For the opening Talk.CSS of 2018, we decided to expand our little meet-up. Into a way bigger one. The idea stemmed from the fact that there wasn't going to be a CSSConf.Asia this year, and we thought we'd compensate for it by expanding our January meetup.
We decided to call it the
max-content, like from the CSS grid specification? Get it? Oh, never mind. But the point was to make it a half-day event, with more speakers in the line-up. The fact that this particular meetup was part of the festivities for DevFest.Asia meant that some awesome people were going to be in Singapore anyway.
And that's how we got Mandy Michael on our list. She had already bought a ticket to JSConf.Asia 2018, and very kindly agreed to speak at Talk.CSS as well. We also decided to make it a paid event for the first time, so we could gather up some funds to fly in one more speaker that we really wanted to have. So we managed to get Andy Clarke, who generously agreed to come over as well.
Sebastiaan Deckers was a friend of the meetup, who had offered to share on one of the pony-fills he had built since last year, so we were glad he could make it on the day. Zell Liew had presented at Generate Conference earlier last year as well and we felt his topic was too practical and useful not to share. And we would have Hui Jing round off the evening with an ode to the web.
Support from sponsors
At the heart of it, this wasn't really a conference per se, just an expanded meetup, so we still retained its cosy, casual feel. Microsoft was very supportive of this idea and offered us a venue that could hold up to 150 attendees. Given that the average turn-out for us was about 20–30 people, we put up an ambitious target of 100 attendees.
We also managed to get in touch with Wantedly, who were already involved with JSConf.Asia and they offered to sponsor the coffee vendor for the event, because nobody wants to sit through 3 straight hours of talks without a break. We couldn't offer much in terms of swag, but we could offer good coffee.
Mozilla jumped in early on and really gave us the confidence to pull the whole thing off. And one other thing about the Singapore Tech community is that we are really tight-knit, and our friends from SP Digital offered to pitch in as well. With that, we were able to cover T-shirts for all attendees as well. We also got an angel sponsor, who declined to be made known, but we felt the need to recognise their contribution with a little angel logo as well.
On the day
One of the things we were quite proud of was the standees we printed for the event, because the design was done entirely in HTML and CSS. This was largely because of colour font support, or the lack of it. The only image editing software that supports colour fonts appears to be Adobe CC 2017, which we did not have access to.
Colour fonts do work in Firefox and Edge though, so the standee was designed in the browser, and we sent a screenshot of the full page to the printer's. Of course in as high a resolution as they required. The end result turned out better than we expected.
We also had a number of friends who volunteered to help out with the logistics of registering attendees, handing out T-shirts and so on, which made the whole event run much smoother than if it was only Chris and Hui Jing running the show.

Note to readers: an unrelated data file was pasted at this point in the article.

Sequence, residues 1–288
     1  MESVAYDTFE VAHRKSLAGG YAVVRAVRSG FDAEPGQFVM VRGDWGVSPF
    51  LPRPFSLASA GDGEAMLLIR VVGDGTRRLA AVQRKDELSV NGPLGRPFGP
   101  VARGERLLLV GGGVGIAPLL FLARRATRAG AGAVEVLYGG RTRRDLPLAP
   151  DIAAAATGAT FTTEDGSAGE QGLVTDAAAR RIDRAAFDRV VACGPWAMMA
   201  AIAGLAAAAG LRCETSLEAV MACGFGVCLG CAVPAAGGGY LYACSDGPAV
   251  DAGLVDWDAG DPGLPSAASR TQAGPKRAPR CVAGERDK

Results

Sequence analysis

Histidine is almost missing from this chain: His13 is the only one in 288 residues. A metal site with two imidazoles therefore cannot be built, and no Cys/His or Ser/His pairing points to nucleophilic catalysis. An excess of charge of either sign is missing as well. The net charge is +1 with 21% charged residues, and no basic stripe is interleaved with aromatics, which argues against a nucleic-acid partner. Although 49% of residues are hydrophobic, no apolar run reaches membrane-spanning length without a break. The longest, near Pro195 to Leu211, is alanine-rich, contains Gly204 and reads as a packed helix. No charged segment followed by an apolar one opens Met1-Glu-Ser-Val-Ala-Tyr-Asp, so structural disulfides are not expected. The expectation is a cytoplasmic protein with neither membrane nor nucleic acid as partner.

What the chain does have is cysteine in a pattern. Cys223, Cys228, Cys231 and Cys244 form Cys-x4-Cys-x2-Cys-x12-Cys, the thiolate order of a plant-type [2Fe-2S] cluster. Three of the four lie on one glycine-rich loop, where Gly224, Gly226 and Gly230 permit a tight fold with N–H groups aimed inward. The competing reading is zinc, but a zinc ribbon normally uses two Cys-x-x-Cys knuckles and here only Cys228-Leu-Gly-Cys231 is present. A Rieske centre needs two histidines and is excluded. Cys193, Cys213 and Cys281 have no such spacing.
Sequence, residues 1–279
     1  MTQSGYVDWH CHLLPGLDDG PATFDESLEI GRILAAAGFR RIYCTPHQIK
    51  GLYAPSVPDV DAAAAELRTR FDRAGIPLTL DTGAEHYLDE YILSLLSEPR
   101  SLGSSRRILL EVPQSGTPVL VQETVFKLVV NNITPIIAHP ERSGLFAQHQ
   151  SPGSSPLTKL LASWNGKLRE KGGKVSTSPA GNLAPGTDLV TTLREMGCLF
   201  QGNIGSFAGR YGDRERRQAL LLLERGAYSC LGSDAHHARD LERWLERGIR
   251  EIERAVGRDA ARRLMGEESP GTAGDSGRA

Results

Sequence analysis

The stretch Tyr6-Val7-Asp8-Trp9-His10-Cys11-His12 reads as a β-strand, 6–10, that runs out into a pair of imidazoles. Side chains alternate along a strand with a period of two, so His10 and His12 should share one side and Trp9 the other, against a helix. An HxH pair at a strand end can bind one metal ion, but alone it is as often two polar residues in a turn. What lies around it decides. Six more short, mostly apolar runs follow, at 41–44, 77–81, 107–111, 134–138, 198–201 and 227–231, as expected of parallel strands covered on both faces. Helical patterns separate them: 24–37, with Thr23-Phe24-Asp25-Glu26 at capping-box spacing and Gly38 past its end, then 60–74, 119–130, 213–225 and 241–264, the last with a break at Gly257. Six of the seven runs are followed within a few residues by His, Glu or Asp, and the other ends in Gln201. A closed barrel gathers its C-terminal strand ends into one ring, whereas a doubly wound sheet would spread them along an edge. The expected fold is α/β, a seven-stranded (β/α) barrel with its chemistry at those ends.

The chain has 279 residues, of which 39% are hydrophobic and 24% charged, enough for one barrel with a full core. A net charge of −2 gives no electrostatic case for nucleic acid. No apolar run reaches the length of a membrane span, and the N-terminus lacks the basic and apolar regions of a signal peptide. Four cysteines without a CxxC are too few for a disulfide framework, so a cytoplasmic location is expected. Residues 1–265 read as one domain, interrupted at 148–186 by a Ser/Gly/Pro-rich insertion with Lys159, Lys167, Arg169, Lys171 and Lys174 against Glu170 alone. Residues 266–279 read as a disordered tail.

Given that the event itself was held on a Tuesday afternoon from 3–6pm, the turn-out was much better than we could have asked for, with 107 attendees showing up for the event. We are extremely thankful for every single member of the community who helped spread the word, even if they couldn't make it for the event themselves.
Our first speaker, Andy Clarke, kicked things off with a fantastically delivered talk on Designing Inspired Style Guides, that had attendees riveted and entertained.
Sebastiaan Deckers did his lightning talk on using CSS variables to pony-fill the generic font family,
system-ui, which was introduced in the CSS Fonts Level 4 specification. It was short but extremely informative.
Our next speaker was Zell Liew, who spoke about building responsive CSS components, offering very practical advice on building components that could be re-used across larger sites and applications.
The coffee was really well-received and also gave attendees a chance to mingle and chat while letting their minds digest all the great content from the first half of the event.
Mandy Michael showcased an stunning array of CSS text effects that left everyone with their jaws hanging and amazed that it could all be achieved with pure CSS. She even introduced variable fonts, which are still new enough that not many people are talking about them yet.
Finally, Hui Jing rounded off the evening with a relatively less-technical talk about embracing the web for what it is. It was essentially an ode to the web as a medium, and a call to encourage participation in shaping the web platform.
All the talks were recorded by Engineers.SG and they had an amazing turn-around time, publishing the videos in less than 24 hours. They are consummate professionals in this regard, and given they are an entirely no-profit volunteer-run organisation, we were more than happy to become a Silver Tier supporter with our remaining funds.
We are really grateful to everybody involved, from the speakers, to the sponsors, to the volunteers, and to everyone in our community who attended, as well as those who couldn't make it, but helped us spread the word. Together you all made this a reality. It really means a lot to see people coming out to show support for CSS.
SingaporeCSS genuinely thanks each and every one of you.
P.S. If you happen to be on Facebook, we have posted all the photos we have to the SingaporeCSS Facebook group.
All videos courtesy of Engineers.SG.